The cause of GPS disturbances over Finland and the Baltic countries may have been found. Several experts put the system responsible in Kaliningrad.
The disturbances, which have been described as occurring on a massive scale, have been recorded at least since December 18. The disturbances peaked around the Christmas holidays. GPS signal was disrupted also in Finland and Estonia around New Year's, Finnish paper Iltalehti reports.
The Polish Office of Electronic Communications initially suspected the weather. But John Wiseman, who manages GPS data site Gpsjam, pointed out that the scale of the disturbance has been unprecedented and guessed deliberate jamming efforts or military exercises might be the cause.
An anonymous OSINT investigator who uses the pseudonym Markus Jonsson now claims he has discovered the source of the disturbance. Jonsson looked at flights that had reported GPS issues. The search area is first mapped based on how far the disturbance extends and then measured in terms of intensity.
By combining flight data, the investigator managed to pinpoint two or three locations where the disturbances could have originated.
I found the location of the Baltic Jammer causing flights to lose position, again.— Markus Jonsson (@auonsson) January 4, 2024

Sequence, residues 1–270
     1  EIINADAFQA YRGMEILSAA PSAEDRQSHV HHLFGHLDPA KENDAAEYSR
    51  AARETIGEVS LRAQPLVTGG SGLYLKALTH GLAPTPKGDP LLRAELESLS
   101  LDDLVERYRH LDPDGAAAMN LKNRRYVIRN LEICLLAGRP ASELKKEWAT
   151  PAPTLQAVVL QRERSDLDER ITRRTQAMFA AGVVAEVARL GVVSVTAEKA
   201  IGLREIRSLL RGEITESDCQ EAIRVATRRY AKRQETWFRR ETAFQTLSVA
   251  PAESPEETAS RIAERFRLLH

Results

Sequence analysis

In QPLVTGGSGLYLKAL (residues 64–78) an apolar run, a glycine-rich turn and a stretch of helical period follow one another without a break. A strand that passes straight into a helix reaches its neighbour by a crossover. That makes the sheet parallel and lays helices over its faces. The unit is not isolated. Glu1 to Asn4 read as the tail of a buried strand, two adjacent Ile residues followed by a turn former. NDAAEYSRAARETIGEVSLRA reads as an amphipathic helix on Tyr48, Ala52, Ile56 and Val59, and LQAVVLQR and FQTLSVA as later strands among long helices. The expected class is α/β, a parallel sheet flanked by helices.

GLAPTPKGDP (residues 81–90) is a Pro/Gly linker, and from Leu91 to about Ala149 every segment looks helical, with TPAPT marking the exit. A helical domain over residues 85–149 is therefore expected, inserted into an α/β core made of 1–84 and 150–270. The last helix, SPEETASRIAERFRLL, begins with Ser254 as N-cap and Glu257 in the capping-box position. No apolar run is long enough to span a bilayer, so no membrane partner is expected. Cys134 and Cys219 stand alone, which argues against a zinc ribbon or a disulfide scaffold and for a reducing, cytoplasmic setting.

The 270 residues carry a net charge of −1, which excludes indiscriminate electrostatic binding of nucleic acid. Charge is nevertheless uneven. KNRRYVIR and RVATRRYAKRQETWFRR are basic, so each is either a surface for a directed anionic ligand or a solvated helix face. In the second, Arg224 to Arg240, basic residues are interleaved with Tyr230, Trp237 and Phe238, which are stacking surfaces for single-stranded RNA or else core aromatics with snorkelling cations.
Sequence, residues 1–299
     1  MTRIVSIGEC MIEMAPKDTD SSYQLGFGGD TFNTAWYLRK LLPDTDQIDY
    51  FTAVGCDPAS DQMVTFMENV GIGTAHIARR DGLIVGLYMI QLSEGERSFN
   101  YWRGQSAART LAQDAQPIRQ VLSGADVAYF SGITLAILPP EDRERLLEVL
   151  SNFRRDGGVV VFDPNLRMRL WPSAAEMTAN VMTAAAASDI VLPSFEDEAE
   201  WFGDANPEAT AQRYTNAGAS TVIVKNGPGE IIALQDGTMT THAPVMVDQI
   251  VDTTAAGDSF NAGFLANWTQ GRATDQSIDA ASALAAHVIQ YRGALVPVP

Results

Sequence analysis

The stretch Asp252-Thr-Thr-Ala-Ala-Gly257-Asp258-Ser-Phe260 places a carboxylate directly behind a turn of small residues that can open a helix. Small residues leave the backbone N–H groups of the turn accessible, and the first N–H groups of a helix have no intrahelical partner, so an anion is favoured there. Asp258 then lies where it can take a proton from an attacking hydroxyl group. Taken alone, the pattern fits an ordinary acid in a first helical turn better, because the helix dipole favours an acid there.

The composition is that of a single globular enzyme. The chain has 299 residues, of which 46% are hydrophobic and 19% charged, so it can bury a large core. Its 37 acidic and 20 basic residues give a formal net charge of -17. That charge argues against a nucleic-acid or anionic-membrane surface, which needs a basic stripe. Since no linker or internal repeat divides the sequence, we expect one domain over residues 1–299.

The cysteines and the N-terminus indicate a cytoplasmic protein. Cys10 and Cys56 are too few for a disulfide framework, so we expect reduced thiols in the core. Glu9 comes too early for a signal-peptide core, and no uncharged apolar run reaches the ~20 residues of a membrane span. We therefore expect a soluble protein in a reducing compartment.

Kaliningrad, Poland (or Denmark). Pick your suspect.
With a new, larger dataset and more refined method I have replicated my results from yesterday.
Data only from when jammer has been active. https://t.co/Nb8F35nCJj pic.twitter.com/qH6ikCKSOk
Experts blame Russia
Lt. Col. Joakim Paasikivi from the Swedish Defense University has come to the same conclusion based on open data.
He said in an interview to Swedish public broadcaster SVT that Russia has interfered with the Northern European GPS system before in order to protect Murmansk Oblast or disrupt NATO exercises.
"I believe it is part of Russian influence activity or so-called hybrid warfare, an attempt to maintain a situation just shy of a conflict. It could be Russia's way to sow insecurity and a show of strength," Paasikivi said.
SVT also points out that the electronic warfare unit of Russia's Black Sea Fleet said immediately before Christmas that it held a training exercise for over 100 troops in Kaliningrad.
Jukka Savolainen, network director of the European Center of Excellence for Countering Hybrid Threats in Finland, told Yle that he believes Russia is very likely behind the disturbances.
The GPS system is used for navigation and positioning. While system disruption are a source of headaches for aviation, they do not pose any direct threat. Planes use other positioning tools beside GPS, such as accelerometers and fixed points on the ground.
Editor: Mark Gerssimenko, Marcus Turovski